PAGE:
“Honesty is for the most part less profitable than dishonesty” – Quote from Plato’s Republic.
Made in Italy, Made in America, Made in Germany and yes Swiss Made… Each one a powerful label. Research shows that just putting ‘Made in Germany’ on your product will make your customer accept a 20% price increase. But what do these labels really mean and do they warrant this incredible premium they carry?
What is important to understand is that ‘Made in’ labels, mean different things in different parts of the world. Even within a single country, different interpretations may exist for different product categories. Confusing isn’t it? You’d think they do it on purpose… What the labels mean, and more importantly don’t mean, is also a political issue and influenced by lobbying efforts.
The labels are meant to inform the customer on the origin of a product. But what is origin?
Let’s have a quick look at the EU legislation and how they define where goods originate from:
- Goods wholly obtained in a single country are originating in this country.
- Goods whose production involved more than one country shall be deemed to originate in the country where they underwent their last, substantial, economically justified processing or working in an undertaking equipped for that purpose and resulting in the manufacture of a new product or representing an important stage of manufacture”.
The ‘Other products’ paragraph clearly leaves the door open for potential abuse. It gets extra chilly when you look at the ‘exception’ for the textile industry:
Generally, clothing is considered as originating in a country when one stage of transformation has been carried out there. A ‘stage of transformation’ depends of the type of clothing involved.
It doesn’t take a genius to understand that in a globalized world, one could be easily tempted to have goods processed in cheap labor countries and then import the nearly-finished product in the ‘Made in’ country of choice to complete the final steps of transformation.
Let’s have a ‘quick’ look at the different interpretations of a few of the top 10 countries.
- “Made in Germany”Those services and components which are crucial to the quality and valuation of the goods must have been performed or manufactured in Germany;
- Parts or components of an industrial product may be supplied from abroad, but the essential parts of the final product must always originate in Germany. A significant refinement may justify the description “Made in Germany”.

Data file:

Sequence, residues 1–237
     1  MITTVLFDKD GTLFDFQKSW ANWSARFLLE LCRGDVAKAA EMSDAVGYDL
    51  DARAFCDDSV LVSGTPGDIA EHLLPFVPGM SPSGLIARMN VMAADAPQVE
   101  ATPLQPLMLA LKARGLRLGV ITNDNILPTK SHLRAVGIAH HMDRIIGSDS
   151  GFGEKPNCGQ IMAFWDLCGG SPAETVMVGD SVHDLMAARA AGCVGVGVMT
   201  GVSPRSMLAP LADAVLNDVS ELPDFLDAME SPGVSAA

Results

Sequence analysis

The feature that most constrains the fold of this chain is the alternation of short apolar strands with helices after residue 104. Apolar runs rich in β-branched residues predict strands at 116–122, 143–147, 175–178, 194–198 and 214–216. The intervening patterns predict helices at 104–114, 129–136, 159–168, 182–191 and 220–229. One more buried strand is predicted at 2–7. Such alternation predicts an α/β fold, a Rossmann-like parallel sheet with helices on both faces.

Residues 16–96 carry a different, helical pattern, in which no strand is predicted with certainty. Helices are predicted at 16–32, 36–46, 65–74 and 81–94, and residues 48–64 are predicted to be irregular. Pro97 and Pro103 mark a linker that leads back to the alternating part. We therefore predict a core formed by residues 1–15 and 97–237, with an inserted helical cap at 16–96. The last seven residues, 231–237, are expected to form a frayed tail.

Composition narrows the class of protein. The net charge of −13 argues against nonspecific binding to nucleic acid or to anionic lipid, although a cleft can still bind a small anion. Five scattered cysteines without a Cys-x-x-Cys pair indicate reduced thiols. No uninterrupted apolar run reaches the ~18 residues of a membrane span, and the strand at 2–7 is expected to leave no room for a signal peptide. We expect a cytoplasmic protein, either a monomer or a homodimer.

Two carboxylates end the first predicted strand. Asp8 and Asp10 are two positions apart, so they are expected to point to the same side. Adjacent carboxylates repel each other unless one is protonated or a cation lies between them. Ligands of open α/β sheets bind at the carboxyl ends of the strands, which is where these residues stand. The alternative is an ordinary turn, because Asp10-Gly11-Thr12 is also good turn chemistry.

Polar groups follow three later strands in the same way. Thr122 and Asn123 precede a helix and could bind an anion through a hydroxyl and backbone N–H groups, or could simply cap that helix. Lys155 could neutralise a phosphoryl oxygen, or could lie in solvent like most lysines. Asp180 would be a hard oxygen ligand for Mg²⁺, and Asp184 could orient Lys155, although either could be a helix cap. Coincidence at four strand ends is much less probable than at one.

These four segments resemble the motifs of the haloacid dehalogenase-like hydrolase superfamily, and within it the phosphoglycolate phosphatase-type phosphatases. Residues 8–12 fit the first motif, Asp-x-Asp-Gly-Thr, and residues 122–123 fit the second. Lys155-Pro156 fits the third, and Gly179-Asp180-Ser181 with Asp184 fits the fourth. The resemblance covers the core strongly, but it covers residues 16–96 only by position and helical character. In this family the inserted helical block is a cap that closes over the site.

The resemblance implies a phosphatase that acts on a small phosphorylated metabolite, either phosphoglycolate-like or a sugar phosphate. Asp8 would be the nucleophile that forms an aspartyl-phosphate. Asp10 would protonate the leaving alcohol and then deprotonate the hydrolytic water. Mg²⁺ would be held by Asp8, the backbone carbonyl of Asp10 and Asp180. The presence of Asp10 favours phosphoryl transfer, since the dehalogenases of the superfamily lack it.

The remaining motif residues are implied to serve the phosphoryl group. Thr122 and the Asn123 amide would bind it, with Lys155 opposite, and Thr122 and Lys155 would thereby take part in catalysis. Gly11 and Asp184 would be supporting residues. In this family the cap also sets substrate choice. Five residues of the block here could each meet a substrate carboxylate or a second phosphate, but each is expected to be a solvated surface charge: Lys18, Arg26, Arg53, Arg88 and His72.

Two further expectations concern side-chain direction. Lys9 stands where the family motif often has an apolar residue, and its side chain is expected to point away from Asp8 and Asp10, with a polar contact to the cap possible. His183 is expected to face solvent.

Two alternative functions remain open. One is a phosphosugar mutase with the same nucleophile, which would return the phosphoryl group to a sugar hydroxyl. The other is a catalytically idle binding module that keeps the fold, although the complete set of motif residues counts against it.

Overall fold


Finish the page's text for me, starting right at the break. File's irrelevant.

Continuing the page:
- “Made in Italy” May be a product either completely made in Italy or made partly in Italy and partly abroad. This is the case when the last substantial processing took place in Italy.
- “100% Made in Italy”This is an additional label that was introduced in 2009 as we suppose even the legislators noticed how “Made in Italy” has turned into 100% BS;
- The product or merchandise “whose design, engineering, processing and packaging are completed exclusively on the Italian territory “.
- “Vera Pelle Italiana”This label means nothing other than leather (raw material) originating from Italy. Vera Pelle Italiana is often found on mass produced leather items not made in Italy but in the P.R.C. This label remains highly contested in Italy as it is abused in many cases to make something seem as if Made in Italy when it really isn’t, which is of course no fun for the actual ‘Made in Italy’ businesses out there.
- “Swiss Made”Well we couldn’t leave this one out. 60% of the manufacturing costs and the essential manufacturing step must occur in Switzerland.
As you can see, where something is really ‘made’ depends mostly on whom you ask the question and how exactly it is written on the label (that is, if the labels are correct in the first place, of course).
The true meaning of the ‘Made in’ labels is by now so diluted it has become meaningless. That said – all our leather straps are Handcrafted in Belgium (100%), so there you go 😉
By the way, if you read all the way until here, this means you’re awesome and perhaps interested in this subject. Have a look at this magnificent article and research by The Guardian – here – to see what the value of ‘Made in’ labels really is in the luxury industry.